Mirroring the rental market, resale prices in Manhattan and Brooklyn continued to surpass last year's levels, but are rising at an increasingly slower pace. In Manhattan, the median resale price grew at the slowest pace since July 2012, increasing by 2.8 percent from last year to $987,271, according to the StreetEasy Price Indicesiv. Price growth was the highest in the Upper Manhattan submarket, where the median resale price grew by 10.6 percent. In Brooklyn, the median resale price grew by 7.8 percent to $562,256, led by growth in the East Brooklyn submarket where the median resale price grew by 19.3 percent. South Brooklyn also saw double-digit annual growth in May at 11.4 percent.

According to the StreetEasy Price Forecastsv, sales price growth in both boroughs will continue to slow over the next 12 months. Price growth in East Brooklyn will continue to eclipse all other submarkets: the 12-month growth forecast is 10.9 percent in East Brooklyn, followed by North Brooklyn (9.7 percent) and Upper Manhattan (7.6 percent). Prices are expected to decline in Downtown Manhattan over the next year.

The complete StreetEasy Market Reports for Manhattan and Brooklyn with additional analysis, neighborhood data and graphics can be viewed at


 May 2016 StreetEasy Rent Price Index

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May 2016 StreetEasy Price Index

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About StreetEasy:
StreetEasy is New York City's leading local real estate marketplace on mobile and the web, providing accurate and comprehensive for-sale and for-rent listings from hundreds of real estate brokerages throughout New York City and the major NYC metropolitan area. StreetEasy adds layers of proprietary data and useful search tools to help home shoppers and real estate professionals navigate the complex real estate markets within the five boroughs of New York City, as well as Northern New Jersey and the Hamptons.

Launched in 2006, StreetEasy is based in the Flatiron neighborhood of Manhattan. StreetEasy is owned and operated by Zillow Group (NASDAQ: Z and ZG).

StreetEasy is a registered trademark of Zillow, Inc.

i The StreetEasy Market Reports are a monthly overview of the Manhattan and Brooklyn sales and rental markets. Every three months, a quarterly analysis is published. The report data is aggregated from public recorded sales and listings data from real estate brokerages that provide comprehensive coverage of Manhattan and Brooklyn, with most metrics dating back to 1995 in Manhattan and 2005 in Brooklyn. The reports are compiled by the StreetEasy Research team. For more information, visit StreetEasy tracks data for all five boroughs within New York City, but currently only produces reports for Manhattan and Brooklyn.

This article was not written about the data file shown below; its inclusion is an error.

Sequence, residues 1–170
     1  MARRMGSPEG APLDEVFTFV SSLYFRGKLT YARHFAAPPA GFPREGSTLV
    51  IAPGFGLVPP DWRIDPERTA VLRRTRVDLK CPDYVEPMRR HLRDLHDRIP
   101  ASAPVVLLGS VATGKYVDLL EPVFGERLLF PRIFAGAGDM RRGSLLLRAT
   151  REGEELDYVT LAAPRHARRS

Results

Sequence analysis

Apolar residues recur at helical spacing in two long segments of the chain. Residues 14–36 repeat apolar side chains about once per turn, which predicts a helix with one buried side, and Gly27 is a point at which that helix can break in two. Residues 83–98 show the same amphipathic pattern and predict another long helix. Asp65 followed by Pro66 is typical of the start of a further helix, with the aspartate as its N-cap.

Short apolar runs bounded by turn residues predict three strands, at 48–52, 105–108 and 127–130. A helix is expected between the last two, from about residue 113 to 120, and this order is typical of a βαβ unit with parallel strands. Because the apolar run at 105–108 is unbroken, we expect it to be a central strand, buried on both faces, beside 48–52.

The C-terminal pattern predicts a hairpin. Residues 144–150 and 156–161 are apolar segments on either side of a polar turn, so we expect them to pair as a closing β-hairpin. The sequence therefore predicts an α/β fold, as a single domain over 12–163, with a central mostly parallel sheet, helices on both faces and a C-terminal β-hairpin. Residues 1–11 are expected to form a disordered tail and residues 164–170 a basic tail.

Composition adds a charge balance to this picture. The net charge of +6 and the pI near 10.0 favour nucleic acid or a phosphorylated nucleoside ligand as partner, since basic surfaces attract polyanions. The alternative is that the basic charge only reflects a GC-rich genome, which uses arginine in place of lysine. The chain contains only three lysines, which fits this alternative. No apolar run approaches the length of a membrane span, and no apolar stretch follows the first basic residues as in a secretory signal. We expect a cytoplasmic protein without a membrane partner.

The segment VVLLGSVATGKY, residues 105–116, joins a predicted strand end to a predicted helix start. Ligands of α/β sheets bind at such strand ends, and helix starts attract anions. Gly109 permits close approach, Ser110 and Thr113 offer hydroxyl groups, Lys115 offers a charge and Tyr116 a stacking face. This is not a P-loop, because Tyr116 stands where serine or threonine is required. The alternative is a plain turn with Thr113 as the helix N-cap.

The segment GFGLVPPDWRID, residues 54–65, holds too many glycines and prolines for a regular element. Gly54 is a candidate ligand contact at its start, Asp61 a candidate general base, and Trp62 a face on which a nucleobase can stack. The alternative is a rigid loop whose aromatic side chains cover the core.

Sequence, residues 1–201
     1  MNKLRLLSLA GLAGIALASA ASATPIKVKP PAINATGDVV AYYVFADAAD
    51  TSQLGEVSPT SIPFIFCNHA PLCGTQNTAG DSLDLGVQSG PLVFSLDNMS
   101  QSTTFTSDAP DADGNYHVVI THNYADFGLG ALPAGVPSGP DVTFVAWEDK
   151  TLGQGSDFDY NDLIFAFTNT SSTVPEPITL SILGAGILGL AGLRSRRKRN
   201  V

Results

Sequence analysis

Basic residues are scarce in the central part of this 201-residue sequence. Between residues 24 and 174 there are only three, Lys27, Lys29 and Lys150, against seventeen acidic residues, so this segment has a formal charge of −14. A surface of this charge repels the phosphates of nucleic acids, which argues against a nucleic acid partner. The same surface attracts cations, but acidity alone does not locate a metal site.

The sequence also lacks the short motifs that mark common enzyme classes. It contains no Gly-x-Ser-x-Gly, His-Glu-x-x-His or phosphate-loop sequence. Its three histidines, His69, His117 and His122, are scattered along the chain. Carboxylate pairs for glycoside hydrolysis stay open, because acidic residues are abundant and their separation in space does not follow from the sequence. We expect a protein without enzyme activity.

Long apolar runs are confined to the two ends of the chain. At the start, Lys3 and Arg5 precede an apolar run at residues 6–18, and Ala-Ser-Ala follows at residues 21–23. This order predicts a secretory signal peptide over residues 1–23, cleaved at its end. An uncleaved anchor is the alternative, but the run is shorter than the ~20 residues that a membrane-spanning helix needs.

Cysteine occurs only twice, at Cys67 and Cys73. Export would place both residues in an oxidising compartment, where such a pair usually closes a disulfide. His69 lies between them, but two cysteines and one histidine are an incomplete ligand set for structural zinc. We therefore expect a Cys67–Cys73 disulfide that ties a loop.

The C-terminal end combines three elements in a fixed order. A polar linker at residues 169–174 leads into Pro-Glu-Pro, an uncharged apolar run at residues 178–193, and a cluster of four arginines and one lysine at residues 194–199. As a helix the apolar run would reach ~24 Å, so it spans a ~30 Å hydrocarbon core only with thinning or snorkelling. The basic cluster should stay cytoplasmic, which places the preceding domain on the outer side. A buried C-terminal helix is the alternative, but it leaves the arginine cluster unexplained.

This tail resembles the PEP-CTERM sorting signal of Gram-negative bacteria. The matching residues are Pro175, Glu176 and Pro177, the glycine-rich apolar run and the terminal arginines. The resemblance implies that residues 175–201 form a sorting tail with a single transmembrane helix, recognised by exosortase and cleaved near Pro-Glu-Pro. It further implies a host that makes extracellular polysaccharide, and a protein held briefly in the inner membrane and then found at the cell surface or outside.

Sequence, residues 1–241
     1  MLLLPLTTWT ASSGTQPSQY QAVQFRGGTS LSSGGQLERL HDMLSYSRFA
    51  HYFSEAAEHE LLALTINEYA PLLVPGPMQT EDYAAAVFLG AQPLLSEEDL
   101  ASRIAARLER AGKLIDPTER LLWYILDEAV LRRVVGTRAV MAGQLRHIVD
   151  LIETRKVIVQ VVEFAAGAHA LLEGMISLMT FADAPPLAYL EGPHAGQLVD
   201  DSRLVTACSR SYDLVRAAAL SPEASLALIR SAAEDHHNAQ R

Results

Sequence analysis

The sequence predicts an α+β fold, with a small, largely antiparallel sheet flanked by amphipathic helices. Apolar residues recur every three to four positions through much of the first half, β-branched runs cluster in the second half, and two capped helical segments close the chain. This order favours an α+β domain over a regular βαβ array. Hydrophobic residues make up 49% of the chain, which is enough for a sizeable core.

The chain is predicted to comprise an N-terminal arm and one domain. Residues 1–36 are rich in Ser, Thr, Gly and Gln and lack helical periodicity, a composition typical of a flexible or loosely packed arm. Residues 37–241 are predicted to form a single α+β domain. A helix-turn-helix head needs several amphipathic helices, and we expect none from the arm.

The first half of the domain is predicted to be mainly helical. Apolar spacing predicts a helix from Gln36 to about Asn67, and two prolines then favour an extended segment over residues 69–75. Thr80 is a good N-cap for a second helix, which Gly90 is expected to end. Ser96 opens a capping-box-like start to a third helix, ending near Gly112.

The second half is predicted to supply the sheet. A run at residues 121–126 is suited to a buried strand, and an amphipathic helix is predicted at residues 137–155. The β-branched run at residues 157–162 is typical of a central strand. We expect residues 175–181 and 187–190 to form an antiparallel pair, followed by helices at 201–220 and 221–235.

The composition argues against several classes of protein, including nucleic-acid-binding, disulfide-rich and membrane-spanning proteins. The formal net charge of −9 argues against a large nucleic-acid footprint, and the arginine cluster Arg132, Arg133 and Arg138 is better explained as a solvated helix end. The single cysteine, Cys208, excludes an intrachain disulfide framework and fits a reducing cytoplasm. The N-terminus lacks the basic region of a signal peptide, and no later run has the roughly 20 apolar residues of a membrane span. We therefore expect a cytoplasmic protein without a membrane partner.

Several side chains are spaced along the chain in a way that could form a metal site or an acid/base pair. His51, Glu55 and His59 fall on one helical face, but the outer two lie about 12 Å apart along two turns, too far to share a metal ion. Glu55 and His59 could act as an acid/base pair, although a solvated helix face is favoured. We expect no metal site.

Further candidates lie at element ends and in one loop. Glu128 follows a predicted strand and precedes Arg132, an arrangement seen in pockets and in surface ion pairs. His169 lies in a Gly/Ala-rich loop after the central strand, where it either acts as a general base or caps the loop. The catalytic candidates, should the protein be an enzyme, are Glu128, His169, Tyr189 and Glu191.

iii Similar to the StreetEasy Price Indices which track resale values across Manhattan and Brooklyn, the Rent Indices use a repeat-sales methodology but with rentals instead. In short, we track the changes in rent price across several years among unique rental properties that are listed on StreetEasy. For more information, visit

iv Median resale prices are measured by the StreetEasy Price Indices. Also referred to as the StreetEasy Manhattan Price Index (MPI) and StreetEasy Brooklyn Price Index (BPI), the metrics are monthly indices that track changes in resale prices of condo, co-op, and townhouse units. Each index uses a repeat-sales method of comparing the sales prices of the same properties since January 1995 in Manhattan and January 2005 in Brooklyn. Given this methodology, each index accurately captures the change in home prices by controlling for the varying composition of homes sold in a given month. Data on sales of homes is sourced from the New York City Department of Finance. Full methodology here:

v The Manhattan Price Forecast and the Brooklyn Price Forecast predict the change in resale prices 12 months out from the current reported period. Each forecast incorporates the Price Index for each borough as well as a mix of fundamental market factors including: historical recorded sales price, household income, population, and taxes.

SOURCE StreetEasy

For further information: Lauren Riefflin, StreetEasy, 212-804-6850 or